All that mattered, of course, was the short-term political struggle – the billboards were supposed to undermine the left-liberal opposition’s narrative that the resistance put up by PiS against the EU powerhouses was losing us subsidies, and to persuade voters that the government camp was also capable of gaining billions from Brussels. In fact Morawiecki and the whole of PiS were then caught in a trap: by boasting of the 700 billion before obtaining a guarantee that they would actually receive it, they encouraged the EU to impose increasingly far-reaching conditions, which when fulfilled would be followed by others that went even further. The unlocking of the National Reconstruction Plan became a political fetish, and in its name PiS agreed to torpedo a presidential bill on justice reform and to fulfill dozens of more or less absurd requirements called “milestones.” (The prime minister himself was apparently not aware of some of these, since now when handing over power he has warned in parliament that if PO and its coalition partners form a government, they will allow the EU to tax Polish fuel-burning vehicles – while in fact he himself allowed this as part of the milestones.)

Sovereignty or money: Poland is being targeted by “federals”

The European Commission’s constant humiliation of PiS with further demands was clearly coordinated with the demagogic opposition propaganda about the “billions” lost by Poland due to the governing party’s senseless insistence on “violating the rule of law.” A constant feature of the propaganda put out by TVN and related media was the laments of local leaders that they would be building a school, a swimming pool, a road interchange, or something similar, if it were not for PiS blocking the funds from the National Reconstruction Plan. Donald Tusk appeared in ads against a background of computer-generated pallets full of euro notes, vowing that on the first day after winning the election he would “go to Brussels and unlock the funds for Poland,” without even noticing that he was thus confirming the PiS narrative that the Commission was not at all concerned with the rule of law or other changes to Polish legislation, but just wanted to see PiS lose the election and hand over power to Tusk.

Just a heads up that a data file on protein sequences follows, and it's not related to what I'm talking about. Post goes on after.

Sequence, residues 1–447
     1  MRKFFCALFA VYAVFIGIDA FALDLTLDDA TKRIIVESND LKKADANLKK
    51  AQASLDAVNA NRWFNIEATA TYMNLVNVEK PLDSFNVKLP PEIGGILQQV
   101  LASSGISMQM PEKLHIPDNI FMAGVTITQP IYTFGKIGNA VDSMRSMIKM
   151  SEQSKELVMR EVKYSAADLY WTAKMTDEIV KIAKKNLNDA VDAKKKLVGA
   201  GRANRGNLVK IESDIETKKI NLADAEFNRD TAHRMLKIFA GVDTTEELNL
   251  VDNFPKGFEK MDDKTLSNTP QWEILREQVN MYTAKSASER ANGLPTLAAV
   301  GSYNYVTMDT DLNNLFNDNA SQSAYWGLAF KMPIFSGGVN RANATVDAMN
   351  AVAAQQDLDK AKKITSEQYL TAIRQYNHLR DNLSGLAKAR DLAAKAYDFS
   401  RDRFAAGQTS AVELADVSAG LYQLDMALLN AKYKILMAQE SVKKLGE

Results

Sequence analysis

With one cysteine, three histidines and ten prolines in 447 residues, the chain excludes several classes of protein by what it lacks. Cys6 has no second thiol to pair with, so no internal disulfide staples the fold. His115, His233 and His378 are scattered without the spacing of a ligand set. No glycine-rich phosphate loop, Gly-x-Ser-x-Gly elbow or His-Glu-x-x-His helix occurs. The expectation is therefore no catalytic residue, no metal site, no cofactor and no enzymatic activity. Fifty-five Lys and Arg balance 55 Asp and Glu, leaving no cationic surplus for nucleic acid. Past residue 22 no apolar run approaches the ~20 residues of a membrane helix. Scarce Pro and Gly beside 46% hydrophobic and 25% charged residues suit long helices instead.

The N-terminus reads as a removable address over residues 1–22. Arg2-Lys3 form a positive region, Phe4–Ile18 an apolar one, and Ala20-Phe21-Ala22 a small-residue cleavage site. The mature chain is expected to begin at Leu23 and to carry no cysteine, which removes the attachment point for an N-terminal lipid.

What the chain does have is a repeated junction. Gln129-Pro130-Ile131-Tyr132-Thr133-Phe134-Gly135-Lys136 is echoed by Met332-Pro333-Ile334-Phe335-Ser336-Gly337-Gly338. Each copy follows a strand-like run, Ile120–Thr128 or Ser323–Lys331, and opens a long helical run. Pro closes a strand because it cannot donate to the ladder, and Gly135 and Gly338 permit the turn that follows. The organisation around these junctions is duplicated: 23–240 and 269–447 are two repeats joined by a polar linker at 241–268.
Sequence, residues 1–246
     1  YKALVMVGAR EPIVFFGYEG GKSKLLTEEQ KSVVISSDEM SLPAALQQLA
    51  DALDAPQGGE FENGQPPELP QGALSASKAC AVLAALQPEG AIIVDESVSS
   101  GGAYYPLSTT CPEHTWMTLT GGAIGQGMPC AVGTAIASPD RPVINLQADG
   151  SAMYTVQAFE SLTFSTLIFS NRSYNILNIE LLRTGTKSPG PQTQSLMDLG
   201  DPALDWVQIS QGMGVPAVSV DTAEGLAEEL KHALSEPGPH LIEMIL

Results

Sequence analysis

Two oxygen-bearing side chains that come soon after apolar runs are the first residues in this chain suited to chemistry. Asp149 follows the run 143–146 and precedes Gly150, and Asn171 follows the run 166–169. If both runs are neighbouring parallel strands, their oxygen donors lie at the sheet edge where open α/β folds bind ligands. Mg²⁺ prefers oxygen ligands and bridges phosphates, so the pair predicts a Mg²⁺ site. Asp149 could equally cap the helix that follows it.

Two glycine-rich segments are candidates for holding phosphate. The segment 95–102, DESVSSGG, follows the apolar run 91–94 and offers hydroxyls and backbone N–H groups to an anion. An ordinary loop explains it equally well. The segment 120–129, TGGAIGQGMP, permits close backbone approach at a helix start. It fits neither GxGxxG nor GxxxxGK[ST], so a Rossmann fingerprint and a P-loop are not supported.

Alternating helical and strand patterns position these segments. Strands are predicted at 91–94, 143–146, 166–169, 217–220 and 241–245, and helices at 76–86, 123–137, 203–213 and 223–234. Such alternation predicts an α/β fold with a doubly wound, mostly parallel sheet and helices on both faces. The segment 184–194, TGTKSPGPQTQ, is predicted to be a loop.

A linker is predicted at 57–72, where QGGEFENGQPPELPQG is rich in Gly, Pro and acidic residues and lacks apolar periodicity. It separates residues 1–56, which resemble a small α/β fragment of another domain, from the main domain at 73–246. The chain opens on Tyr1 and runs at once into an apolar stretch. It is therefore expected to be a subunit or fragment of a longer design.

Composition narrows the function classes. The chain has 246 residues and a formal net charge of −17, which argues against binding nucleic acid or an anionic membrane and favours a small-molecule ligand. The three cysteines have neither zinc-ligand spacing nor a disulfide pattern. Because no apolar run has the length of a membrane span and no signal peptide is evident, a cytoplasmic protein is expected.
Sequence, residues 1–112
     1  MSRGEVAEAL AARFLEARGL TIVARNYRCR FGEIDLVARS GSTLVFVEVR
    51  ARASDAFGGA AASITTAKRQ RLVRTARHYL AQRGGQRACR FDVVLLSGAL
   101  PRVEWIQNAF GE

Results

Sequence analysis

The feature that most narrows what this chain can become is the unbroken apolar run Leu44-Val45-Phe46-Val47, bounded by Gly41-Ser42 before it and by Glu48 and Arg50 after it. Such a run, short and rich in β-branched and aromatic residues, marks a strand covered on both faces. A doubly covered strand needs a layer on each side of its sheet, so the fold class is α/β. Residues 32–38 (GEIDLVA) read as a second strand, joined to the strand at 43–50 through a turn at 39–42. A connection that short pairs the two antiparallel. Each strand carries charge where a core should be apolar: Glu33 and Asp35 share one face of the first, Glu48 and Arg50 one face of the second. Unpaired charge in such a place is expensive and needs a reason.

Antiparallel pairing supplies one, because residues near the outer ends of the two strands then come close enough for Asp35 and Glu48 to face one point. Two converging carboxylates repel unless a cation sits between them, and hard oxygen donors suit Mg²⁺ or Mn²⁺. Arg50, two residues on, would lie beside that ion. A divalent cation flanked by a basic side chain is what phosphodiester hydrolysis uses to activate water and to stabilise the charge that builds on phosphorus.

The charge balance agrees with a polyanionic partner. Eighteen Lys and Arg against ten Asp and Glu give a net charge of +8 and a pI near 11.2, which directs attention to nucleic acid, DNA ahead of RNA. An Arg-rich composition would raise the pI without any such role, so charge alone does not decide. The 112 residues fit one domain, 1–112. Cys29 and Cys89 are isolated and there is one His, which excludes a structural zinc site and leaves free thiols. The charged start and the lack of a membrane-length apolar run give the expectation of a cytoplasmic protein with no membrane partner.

Did the National Reconstruction Plan issue really play such an important role in the election as has been claimed? It would seem not. The decisive issues concerned identity and dignity, not the material sphere, where polls showed quite consistently that the great majority of Poles were satisfied with their status, and so as voters did not attach it so much weight as was the case in previous decades. Nevertheless, after his election success, Tusk felt obliged to set about “unlocking the funds” – he did indeed travel to Brussels for a meeting with Commission President von der Leyen, although he was given no better a reception than his predecessors. Just like them, after the meeting he had to go out to face the press alone, and as in the case of Morawiecki and Duda, his assurances that he had achieved an understanding and had been promised that the funds would be “unlocked” were in no way corroborated by the other side.